This week, I want to explore an alternative way to gain some fantasy ground. This in-season strategy isn’t so much focused on acquiring specific players, but more on how to exploit the scoring categories of 5 X 5 Roto. This strategy may not be able to get you back up to the top of your league, but it can help you maximize your team’s point potential and get within sniffing distance of a money finish.
Take an Honest Look at Your Standings
The first step here is to take a detailed look at the standings in your league. In some categories, things will be bunched up tightly, while in others your team may have fallen hopelessly behind. Your job is not only to find the categories where your team could most easily make up ground but also those where you wouldn’t be sacrificing too many points if you basically punted. I never advise punting categories when you draft a team, but at this point of the season, you may have to raise the white flag in a category or two to gain even more ground in others.
Exploiting 5 X 5 Hitting Categories
I’m gonna be honest, it can be hard making up ground in the hitting categories. Fantasy owners value offense and you’re not going to rob someone of a great hitter.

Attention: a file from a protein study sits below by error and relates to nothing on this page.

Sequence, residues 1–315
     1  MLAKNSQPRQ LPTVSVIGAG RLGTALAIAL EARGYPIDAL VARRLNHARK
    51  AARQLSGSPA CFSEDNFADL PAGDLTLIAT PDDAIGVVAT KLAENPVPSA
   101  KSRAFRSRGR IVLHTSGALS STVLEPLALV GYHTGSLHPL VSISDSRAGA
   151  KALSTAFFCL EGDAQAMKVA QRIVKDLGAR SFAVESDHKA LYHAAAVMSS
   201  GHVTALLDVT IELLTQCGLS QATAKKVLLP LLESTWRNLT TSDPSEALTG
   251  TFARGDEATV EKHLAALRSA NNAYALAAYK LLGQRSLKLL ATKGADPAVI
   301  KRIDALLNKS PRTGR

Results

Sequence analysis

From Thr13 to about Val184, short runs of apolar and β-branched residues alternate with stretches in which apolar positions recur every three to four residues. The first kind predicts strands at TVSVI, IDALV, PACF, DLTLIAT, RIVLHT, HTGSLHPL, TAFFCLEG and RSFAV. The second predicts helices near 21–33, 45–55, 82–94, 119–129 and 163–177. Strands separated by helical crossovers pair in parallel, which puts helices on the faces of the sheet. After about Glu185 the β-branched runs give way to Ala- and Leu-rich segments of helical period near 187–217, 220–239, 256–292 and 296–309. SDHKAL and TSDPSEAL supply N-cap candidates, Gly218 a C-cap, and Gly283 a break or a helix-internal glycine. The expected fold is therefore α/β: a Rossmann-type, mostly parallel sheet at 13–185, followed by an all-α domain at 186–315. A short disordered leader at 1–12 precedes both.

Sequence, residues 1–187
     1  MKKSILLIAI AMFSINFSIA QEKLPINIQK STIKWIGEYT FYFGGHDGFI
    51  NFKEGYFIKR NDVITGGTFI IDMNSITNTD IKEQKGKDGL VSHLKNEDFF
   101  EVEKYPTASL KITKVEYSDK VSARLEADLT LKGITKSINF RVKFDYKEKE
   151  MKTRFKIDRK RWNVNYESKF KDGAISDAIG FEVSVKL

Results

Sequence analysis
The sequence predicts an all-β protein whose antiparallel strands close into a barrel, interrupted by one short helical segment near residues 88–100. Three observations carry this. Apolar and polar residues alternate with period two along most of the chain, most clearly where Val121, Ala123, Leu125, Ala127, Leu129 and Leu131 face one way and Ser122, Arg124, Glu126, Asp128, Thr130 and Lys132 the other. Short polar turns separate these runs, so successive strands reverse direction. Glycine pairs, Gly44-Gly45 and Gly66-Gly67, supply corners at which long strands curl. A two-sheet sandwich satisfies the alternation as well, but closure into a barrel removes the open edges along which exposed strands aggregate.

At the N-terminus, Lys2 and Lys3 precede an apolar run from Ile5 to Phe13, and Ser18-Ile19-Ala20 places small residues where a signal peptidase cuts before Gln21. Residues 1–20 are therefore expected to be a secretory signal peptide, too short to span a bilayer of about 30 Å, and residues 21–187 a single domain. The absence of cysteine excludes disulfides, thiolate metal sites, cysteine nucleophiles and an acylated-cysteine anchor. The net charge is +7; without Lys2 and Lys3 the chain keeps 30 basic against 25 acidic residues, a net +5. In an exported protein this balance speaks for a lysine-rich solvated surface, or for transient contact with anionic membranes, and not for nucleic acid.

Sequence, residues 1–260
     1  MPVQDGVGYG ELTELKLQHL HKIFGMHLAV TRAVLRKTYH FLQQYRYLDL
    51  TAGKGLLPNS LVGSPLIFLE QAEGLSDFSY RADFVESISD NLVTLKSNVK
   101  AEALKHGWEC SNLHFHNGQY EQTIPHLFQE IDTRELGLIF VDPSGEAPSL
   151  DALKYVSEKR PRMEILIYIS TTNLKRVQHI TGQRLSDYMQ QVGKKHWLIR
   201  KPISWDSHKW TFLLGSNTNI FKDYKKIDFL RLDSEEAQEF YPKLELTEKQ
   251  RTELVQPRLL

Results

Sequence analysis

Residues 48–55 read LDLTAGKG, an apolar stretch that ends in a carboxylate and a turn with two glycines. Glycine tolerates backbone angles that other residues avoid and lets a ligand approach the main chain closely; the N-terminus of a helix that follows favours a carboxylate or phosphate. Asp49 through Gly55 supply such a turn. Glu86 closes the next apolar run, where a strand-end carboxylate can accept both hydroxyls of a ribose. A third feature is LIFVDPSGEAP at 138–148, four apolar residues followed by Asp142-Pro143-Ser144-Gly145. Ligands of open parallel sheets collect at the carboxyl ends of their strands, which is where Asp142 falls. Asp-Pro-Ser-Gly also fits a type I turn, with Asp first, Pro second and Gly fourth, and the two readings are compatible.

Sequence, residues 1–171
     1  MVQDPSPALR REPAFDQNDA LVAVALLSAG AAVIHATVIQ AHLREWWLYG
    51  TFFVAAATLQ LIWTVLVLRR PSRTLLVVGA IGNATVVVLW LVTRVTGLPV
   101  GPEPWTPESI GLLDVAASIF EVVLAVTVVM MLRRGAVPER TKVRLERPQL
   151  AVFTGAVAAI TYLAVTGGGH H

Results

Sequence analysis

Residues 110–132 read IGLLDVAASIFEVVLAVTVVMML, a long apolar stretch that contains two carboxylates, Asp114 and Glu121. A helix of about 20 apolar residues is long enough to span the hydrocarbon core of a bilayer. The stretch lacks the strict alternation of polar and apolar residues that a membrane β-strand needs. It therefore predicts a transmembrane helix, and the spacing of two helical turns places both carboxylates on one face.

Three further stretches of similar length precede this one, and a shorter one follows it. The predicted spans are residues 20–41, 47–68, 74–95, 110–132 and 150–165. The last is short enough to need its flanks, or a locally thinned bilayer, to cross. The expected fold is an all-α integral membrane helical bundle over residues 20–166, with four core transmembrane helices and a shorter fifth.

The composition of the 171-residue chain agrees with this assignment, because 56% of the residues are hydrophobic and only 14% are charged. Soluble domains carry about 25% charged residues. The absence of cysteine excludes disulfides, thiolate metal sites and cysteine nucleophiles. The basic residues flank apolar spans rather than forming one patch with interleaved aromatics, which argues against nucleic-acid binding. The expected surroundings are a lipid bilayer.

PUNTING BATTING AVERAGE
In a best-case scenario (if there is such a thing when your team is in 8th place), your team is very low in the batting average category. It’s not impossible to make up ground in average, but if you’re low in the standings it likely means you’d have to completely overhaul your roster. Batting average is also a bit easier to dump because it’s somewhat independent of the other categories. Obviously, a solid batting average can help a player get more runs and RBI, but it’s not as closely tied together as Runs, Home Runs, and RBI are.
So if I’m going to punt batting average, I basically ignore any value my players currently produce in that category. This in-season strategy may mean that I’d be looking to trade a Nolan Arenado type for a Joey Gallo. Of course, you’re not doing that deal straight up. You’re looking to get Gallo and add another low-average, high-power player elsewhere on your roster. You’re trying not to lose overall value in any trades, but as the season wears on you might have to in order to gain points where you need them.